Tragedy brought Douglas Birdsall, a white Presbyterian minister, and Barbara Williams-Skinner, a black civic leader, together two years ago. Since then, a larger purpose has kept them together.
The pair will discuss this tragedy, the mass shooting at Emanuel African Methodist Episcopal Church in Charleston, South Carolina, and their resulting friendship, at 2 p.m. Thursday in the Hall of Philosophy. Both will present briefly, followed by a conversation moderated by the Rev. Robert M. Franklin Jr., director of religion, and a Q-and-A session.
The presentation is titled “Racial Equality in America: Fiction or Fact?” and will address race relations in the context of the week’s interfaith theme, “Celebrating the Genius and Soul of a Nation.”
“It’s really a matter of how we unite our hearts, our passion, our vision,” Birdsall said. “How do we share our wealth, and share our poverty?”
The Charleston shooting hit right at the heart of the religious community. On June 17, 2015, Dylann Roof, a white supremacist, shot and killed nine people at a prayer service at Emanuel AME Church — one of the United States’ oldest black churches.
A few days after the tragedy, 60 religious leaders of various races came together on a conference call to discuss the aftermath. Birdsall, Williams-Skinner and Franklin were on that call, which resulted in a letter signed by religious leaders expressing a commitment to change.
Before the letter could be published, though, Franklin called Birdsall and said that while the letter was good, he had realized most of the African American leaders didn’t know the white signatories. Birdsall said both he and Franklin decided that was a major issue, and agreed to put the letter aside until they could arrange meetings between the two groups.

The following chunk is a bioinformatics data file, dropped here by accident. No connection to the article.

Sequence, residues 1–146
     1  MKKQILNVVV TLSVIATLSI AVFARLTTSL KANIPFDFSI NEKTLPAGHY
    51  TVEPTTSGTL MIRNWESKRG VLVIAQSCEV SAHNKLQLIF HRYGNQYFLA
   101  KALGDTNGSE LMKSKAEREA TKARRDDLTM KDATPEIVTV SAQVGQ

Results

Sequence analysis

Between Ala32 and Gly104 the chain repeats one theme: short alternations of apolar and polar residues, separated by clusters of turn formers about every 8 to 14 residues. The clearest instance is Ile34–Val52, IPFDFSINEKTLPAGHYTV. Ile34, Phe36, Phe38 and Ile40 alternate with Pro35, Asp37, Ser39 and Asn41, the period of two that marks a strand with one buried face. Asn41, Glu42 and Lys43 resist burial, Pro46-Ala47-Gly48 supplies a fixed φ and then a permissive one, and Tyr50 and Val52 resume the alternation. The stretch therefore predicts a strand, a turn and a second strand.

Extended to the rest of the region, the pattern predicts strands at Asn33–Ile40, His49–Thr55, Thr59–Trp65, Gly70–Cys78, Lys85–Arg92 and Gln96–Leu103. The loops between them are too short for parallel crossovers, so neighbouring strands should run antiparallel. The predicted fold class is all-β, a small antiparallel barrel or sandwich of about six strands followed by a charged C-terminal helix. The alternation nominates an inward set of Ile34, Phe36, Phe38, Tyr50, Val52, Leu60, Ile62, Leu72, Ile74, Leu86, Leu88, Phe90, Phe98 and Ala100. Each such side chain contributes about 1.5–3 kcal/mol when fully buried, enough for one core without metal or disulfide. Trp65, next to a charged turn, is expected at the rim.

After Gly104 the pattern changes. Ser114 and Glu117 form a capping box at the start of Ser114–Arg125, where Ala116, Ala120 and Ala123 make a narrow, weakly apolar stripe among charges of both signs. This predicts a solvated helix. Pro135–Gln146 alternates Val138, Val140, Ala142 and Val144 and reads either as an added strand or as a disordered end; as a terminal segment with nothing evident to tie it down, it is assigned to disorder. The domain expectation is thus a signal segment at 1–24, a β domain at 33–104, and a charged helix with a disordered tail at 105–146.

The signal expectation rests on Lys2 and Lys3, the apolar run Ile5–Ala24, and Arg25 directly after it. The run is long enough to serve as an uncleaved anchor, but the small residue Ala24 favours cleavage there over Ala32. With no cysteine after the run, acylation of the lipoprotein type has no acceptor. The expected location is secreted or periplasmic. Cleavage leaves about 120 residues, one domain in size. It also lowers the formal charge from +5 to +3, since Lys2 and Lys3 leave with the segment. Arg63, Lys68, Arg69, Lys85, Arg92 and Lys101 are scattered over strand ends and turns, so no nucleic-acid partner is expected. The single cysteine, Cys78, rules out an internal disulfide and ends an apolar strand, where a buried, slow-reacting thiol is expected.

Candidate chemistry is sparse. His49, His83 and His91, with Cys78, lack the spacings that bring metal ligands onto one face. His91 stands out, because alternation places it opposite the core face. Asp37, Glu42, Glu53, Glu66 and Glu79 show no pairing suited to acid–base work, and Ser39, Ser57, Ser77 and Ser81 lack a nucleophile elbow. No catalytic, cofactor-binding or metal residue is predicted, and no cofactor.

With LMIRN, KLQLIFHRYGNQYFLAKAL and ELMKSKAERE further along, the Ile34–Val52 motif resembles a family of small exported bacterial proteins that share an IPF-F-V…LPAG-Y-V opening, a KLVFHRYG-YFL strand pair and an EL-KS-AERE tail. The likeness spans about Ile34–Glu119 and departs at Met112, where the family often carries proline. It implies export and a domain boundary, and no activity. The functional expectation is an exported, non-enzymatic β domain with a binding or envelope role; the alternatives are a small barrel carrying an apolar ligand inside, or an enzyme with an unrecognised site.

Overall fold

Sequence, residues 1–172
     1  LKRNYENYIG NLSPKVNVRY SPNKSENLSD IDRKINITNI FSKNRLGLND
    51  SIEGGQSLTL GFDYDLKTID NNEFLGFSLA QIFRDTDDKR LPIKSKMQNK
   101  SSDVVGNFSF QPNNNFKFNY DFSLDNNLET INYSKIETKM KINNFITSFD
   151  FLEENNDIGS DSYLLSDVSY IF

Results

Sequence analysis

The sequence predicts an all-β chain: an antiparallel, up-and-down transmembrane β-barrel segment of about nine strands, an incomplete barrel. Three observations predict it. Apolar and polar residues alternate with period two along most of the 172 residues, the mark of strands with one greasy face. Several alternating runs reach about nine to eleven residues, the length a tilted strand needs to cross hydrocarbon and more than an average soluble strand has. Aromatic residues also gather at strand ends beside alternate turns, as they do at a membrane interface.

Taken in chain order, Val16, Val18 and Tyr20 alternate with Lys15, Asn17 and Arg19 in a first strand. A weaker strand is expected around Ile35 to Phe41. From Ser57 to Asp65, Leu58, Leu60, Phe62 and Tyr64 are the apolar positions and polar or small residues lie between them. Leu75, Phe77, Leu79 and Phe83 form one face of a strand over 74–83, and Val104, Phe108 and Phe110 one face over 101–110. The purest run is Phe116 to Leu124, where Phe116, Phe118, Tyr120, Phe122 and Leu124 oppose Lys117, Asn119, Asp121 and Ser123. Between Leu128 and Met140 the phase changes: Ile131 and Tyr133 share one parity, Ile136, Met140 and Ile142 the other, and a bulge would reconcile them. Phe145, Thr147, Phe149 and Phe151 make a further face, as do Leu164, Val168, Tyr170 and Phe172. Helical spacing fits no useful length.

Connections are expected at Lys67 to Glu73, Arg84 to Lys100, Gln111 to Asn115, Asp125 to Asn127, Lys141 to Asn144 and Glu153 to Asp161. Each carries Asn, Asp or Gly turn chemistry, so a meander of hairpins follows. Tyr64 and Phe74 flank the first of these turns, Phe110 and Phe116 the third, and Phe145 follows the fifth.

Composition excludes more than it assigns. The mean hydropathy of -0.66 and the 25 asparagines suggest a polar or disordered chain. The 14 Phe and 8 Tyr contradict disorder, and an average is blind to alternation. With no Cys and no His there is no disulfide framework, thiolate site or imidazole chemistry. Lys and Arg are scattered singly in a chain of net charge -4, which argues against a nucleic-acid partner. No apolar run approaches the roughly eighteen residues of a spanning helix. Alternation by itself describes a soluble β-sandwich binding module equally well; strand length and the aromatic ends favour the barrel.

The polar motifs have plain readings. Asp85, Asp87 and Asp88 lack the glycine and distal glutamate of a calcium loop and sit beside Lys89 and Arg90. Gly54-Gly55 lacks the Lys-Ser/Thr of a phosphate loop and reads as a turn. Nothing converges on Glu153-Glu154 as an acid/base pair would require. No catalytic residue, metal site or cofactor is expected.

“This cannot be just another feel-good experience,” Birdsall said. “There has to be a deep conviction that we’re going work together over the long haul.”
Soon after, the leaders came together in Washington, D.C., and while it was a success, Birdsall said, it also showed that there was a clear divide along racial lines. This led to Birdsall’s creation of Civilitas, a group that runs the initiative After Charleston: Overcoming Evil with Good. The program brings religious leaders of various races together in major U.S. cities to build relationships between churches and communities.
Williams-Skinner, who was the first female executive director of the Congressional Black Caucus, is also part of this initiative. Birdsall said they each bring different perspectives to the process of racial reconciliation, not only as people with different skin tones, but also different backgrounds.
He said Williams-Skinner, who co-founded the Skinner Leadership Institute along with her husband, the late Rev. Tom Skinner, contributes public policy and leadership expertise. As a veteran evangelical and organizer of the Third Lausanne Congress on World Evangelization, which brought together leaders from 198 nations, Birdsall said he understands cultural exchange.
Together, Birdsall and Williams-Skinner make a formidable team. Birdsall said that while he connects people, Williams-Skinner challenges them. Early in the initiative, she said at a meeting that black people are forced to get a Ph.D. in “whiteology,” meaning they have to learn about white culture and history but receive no recognition in return.
Birdsall said one of the goals of the initiative is to change that. It allows black religious leaders to sit down with their white counterparts and tell their story, without interruption, Birdsall said, which happens after relationships — the core of reconciliation — are formed.
“It’s a long-term proposition,” Birdsall said. “But there has to be a commitment to respectful listening, to developing friendships of integrity, and then being willing to acknowledge the reality of white privilege and the reality of black disadvantage.”